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How to Prune a Tree Right


Pruning trees is important for their health and good looks. But if you do it wrong, a tree may be ruined. Here are four common mistakes many people make—and how to avoid them…

• Mistake: Using the wrong tool. A surprising number of gardeners try to prune using regular garden clippers. They end up tearing at the wood, which makes a torn or shredded mess that can be difficult for the tree to heal and thus invites illness and insects. The thicker the branch, the more heavy-duty the tool should be. Long-handled clippers called “loppers” offer reach and leverage and, depending on size and length, can handle branches up to two or even three inches thick. If the branch is thicker than that, use a pruning saw. Never cut with a carpentry saw, which cuts in only one direction and tends to gum up.

For high work, use a pole pruner—a pruning saw mounted on a long pole.

• Mistake: Cutting in the wrong spot. When cutting off smaller branches or trimming back the slender ends of big ones, slice neatly back to just above a bud or side branch (within one-­quarter inch or so is the best spot to inspire new growth below). Make slanted cuts at about a 45-degree ­angle—slightly angled away from the bud, open wood facing up.

When using a saw to remove a large or heavy branch, don’t attempt to cut it in one fell swoop. Begin about one foot out from the trunk. Make a straight undercut halfway up through the branch. Next, an inch farther out from the trunk, make a second cut—cut ­until the branch breaks free. Trim off the foot-long stub afterward—you’ll be able to do neater work with the full weight of the branch now gone. Prune just above where the branch meets the trunk, as cuts flush with the trunk have a hard time healing.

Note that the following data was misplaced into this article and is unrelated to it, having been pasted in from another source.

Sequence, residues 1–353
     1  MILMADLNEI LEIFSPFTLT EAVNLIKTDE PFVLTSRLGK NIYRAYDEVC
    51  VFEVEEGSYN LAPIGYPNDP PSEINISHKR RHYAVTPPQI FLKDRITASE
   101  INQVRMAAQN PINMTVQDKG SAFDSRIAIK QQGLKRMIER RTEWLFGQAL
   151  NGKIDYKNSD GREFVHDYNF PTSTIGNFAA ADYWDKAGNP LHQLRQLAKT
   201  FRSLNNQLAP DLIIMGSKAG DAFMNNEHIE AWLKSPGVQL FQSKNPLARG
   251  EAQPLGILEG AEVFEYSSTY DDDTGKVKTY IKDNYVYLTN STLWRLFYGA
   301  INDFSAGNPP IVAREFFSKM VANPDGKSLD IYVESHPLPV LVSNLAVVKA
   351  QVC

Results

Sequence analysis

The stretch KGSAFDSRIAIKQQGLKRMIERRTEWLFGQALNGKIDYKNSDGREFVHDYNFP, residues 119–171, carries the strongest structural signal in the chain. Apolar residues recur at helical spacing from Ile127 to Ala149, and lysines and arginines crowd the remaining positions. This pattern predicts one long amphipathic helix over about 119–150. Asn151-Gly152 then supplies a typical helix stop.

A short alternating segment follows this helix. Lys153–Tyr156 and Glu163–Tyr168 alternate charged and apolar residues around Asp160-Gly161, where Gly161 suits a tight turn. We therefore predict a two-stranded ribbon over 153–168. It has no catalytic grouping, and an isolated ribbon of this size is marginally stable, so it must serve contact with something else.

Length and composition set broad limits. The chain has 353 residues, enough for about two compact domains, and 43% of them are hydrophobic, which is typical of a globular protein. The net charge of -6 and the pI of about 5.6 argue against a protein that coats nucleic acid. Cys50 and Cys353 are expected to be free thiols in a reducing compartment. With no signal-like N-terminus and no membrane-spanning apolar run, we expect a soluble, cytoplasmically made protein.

• Mistake: Removing too much. Removing too many limbs reduces a tree’s leafy canopy. In hot climates, sudden sunlight exposure can scald unsheltered bark and foliage. Also, a dramatic reduction in foliage upsets a tree’s photosynthetic processes, and the tree will struggle to produce enough food.

The worst case of overzealous cutting is “topping,” which involves taking the top off a tree. At best, such beheading spoils a tree’s appearance—at worst, it ruins its health because it has lost too many leaves to sustain itself. If a tree is simply too tall for its space, your best bet may be to remove it altogether.

• Mistake: Bad timing. Proper timing is important, but there is no one rule of thumb. Flowering trees should be pruned right after their blooms start to fade. If you wait, you’ll be cutting off the new buds forming for next year’s show. Trees that produce fruit or berries need to be pruned much earlier—in late winter or just as growth starts—otherwise, you’ll interfere with the harvest. If you cut back an evergreen in the late spring, it will bleed a lot of sap, which is unsightly. Instead, prune evergreens when they’re not actively growing, typically in the late summer, fall or winter.

Source: Teri Dunn Chace is author of The Anxious Gardener’s Book of Answers. She lives in upstate New York. Date: March 15, 2016 Publication: Bottom Line Personal
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